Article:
Thought for the Day – 19 October – The Memorial of Bl Jerzy Popiełuszko (1947-1984) Priest and Martyr
This beloved and unassuming young priest of Poland was a true hero of that tortured land during the Soviet Communist occupation. Now a Blessed, Father Jerzy was beloved by everyone in his homeland, believers and non-believers alike, because of his bravery in the face of extreme hatred on the part of the Communist officials. His story should be much more widely known than it is.
Never in good health, the strongest part of Father Jerzy were his hands. His most beloved possessions were the crucifix and Rosary sent to him by St Pope John Paul II, a fellow countryman. He was sickly his whole life, yet he never complained of illness or injury. One day, when he was making toys with his brothers and sisters, a nail pierced his palm. Later, one of the children noticed blood dripping from his hand. One of his siblings told the parents because young Jerzy did not want to bother anyone.
Young Jerzy’s great hero was Saint Maximillian Kolbe, another Polish priest who gave his life to save another prisoner – a man with a family – at Auschwitz. He determined early on to become a priest but kept it a secret so that the authorities could not alter his examination results or pressure the family to keep him out of the seminary.
In 1966, his entire seminary class was drafted into the special indoctrination unit in violation of a church-state agreement. This cruel treatment was reserved for the most outspoken church leaders, including the future St Pope John Paul II.
The horrible treatment he received in this “special unit” broke his health but not his spirit. He wrote to his father “It turned out to be very tough but I can’t be broken by threats or torture.” His seminary professors demanded that he take a period of rest but he refused. “One doesn’t suffer when one suffers for Christ,” was his reply.
St Pope John Paul said, on his apostolic journey to Poland in 1999:
“Blessed are those who are persecuted for righteousness’ sake, for theirs is the kingdom of heaven” (Mt 5:10).
“Our century too has written a great martyrology. I myself, in the course of the twenty years of my papacy, have raised to the glory of the altars many groups of martyrs: Japonese, French, Vietnamese, Spanish, Mexican. And how many martyrs there were during the time of the Second World War and under Communist totalitarianism! They suffered and gave their lives in the death camps of Hitler or those of the Soviets. In a few days, in Warsaw, I will beatify 108 martyrs who gave their lives for the faith in the concentration camps. Now is the time to remember all these victims and to grant them the honour which is their due. These are “the martyrs, many of them nameless, ‘unknown soldiers’ as it were of God’s great cause”, as I wrote in the Apostolic Letter Tertio Millennio Adveniente (No. 37). And it is good that we speak of them in Poland, since this country had a special role in this contemporary martyrology. It is good that we speak of them in Bydgoszcz! All gave testimony of fidelity to Christ in spite of sufferings which horrify us by their cruelty. Their blood was poured out on our land and made it fertile for growth and for the harvest. That same blood continues to bring forth fruit a hundredfold for our nation, which perseveres faithfully alongside Christ and the Gospel. Let us persevere unceasingly in union with them. Let us thank God that they emerged victorious from their labours: “God … tried them like gold in the furnace, and like a sacrificial offering he accepted them” (Wis 3:6). They represent for us a model to be followed. From their blood we ought to draw strength for the sacrifice of our own life, which we must offer to God each day. They are an example for us, so that, like them, we may give a courageous witness of fidelity to the Cross of Christ.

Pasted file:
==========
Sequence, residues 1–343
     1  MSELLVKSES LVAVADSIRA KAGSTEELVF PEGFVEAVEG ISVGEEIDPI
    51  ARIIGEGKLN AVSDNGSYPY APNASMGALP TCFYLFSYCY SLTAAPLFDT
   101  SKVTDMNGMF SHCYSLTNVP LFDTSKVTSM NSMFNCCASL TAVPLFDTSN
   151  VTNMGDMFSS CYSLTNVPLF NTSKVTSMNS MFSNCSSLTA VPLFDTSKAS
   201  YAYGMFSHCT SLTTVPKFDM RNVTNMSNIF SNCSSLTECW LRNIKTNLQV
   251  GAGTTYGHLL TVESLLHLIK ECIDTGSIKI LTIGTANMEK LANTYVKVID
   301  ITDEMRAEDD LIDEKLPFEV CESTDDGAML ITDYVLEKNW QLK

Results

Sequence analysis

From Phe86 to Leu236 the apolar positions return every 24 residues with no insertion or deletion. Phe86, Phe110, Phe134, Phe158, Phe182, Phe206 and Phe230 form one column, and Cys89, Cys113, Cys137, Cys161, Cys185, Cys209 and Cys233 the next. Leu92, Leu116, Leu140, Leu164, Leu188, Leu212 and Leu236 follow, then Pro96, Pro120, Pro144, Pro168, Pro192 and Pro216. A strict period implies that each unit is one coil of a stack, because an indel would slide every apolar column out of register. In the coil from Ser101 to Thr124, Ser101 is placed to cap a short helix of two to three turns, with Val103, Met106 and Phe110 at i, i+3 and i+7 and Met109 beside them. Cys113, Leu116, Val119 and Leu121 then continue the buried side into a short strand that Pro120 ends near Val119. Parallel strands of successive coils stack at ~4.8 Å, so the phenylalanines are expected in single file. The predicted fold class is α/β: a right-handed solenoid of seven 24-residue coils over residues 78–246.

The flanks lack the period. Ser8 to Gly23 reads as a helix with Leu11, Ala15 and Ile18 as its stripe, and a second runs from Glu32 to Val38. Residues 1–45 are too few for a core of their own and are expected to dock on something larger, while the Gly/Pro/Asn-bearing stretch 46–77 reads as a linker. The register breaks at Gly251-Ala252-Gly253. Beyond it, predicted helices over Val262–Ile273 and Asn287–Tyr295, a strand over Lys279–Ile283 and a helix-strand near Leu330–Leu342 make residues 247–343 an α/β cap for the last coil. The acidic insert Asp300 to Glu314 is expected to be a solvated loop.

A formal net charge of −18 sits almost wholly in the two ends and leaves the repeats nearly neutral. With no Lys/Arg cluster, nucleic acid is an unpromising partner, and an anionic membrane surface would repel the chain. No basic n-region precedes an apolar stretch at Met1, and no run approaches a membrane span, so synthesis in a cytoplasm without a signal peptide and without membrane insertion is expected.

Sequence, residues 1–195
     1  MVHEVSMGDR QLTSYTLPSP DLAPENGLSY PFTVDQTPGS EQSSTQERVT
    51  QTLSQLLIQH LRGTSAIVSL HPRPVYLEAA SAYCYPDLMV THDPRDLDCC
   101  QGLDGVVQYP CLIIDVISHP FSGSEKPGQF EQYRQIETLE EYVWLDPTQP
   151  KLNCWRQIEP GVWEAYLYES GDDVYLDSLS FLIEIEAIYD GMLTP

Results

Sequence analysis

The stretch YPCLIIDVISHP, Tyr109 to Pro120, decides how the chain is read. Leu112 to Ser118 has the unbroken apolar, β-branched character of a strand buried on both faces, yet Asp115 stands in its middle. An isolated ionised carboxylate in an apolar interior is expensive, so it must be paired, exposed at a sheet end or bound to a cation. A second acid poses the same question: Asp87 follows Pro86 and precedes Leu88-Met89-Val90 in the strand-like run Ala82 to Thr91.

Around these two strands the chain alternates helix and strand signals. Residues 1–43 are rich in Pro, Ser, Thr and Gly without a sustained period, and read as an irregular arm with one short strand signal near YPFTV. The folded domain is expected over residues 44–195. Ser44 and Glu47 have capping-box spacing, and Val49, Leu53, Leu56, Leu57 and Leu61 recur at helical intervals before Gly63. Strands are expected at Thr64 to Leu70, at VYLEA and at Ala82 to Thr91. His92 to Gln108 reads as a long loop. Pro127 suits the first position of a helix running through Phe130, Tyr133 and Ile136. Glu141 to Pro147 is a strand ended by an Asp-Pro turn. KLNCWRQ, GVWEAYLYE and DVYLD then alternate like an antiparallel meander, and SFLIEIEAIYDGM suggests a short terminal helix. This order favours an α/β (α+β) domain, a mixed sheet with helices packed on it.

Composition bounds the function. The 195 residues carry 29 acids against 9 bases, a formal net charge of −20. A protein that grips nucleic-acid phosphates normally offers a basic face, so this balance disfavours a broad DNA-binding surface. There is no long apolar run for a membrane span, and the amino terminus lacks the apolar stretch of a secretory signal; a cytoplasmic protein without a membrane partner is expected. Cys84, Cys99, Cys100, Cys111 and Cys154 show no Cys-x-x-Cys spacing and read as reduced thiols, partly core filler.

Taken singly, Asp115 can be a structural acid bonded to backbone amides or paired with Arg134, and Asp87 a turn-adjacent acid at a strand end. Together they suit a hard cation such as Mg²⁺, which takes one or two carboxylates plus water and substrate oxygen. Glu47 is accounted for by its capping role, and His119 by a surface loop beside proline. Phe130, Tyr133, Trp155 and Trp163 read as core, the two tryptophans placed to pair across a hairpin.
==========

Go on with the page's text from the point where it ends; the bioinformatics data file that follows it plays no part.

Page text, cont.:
4. “Blessed are you when men revile you and persecute you … on my account” (Mt 5:11).
Christ does not promise an easy life to those who follow Him. Instead, He proclaims that, by living according to the Gospel, they are to become a sign of contradiction. If He Himself suffered persecution, so too will His disciples: “Beware of men”, he says, “for they will deliver you up to councils and flog you in their synagogues” (Mt 10:17).
Dear Brothers and Sisters! Every Christian, united to Christ through the grace of Holy Baptism, has become a member of the Church and “no longer is his own” (cf. 1 Cor 6:19) but belongs to the one who died and rose for our sake. From that moment on, the baptised enter into a particular bond of community with Christ and His Church. They, therefore, have the duty of professing before others the faith they have received from God through the Church. At times this demands great sacrifice on our part, to be offered each day and sometimes for an entire lifetime. This firm perseverance alongside Christ and His Gospel, this readiness to face “sufferings for righteousness’ sake”, often involve acts of heroism and can take the form of an authentic martyrdom, carried out every day and at every moment of life, drop by drop, until the final “it is finished”.” – Homily in Bydgoszcz – Monday, 7 June 1999 (Excerpt)
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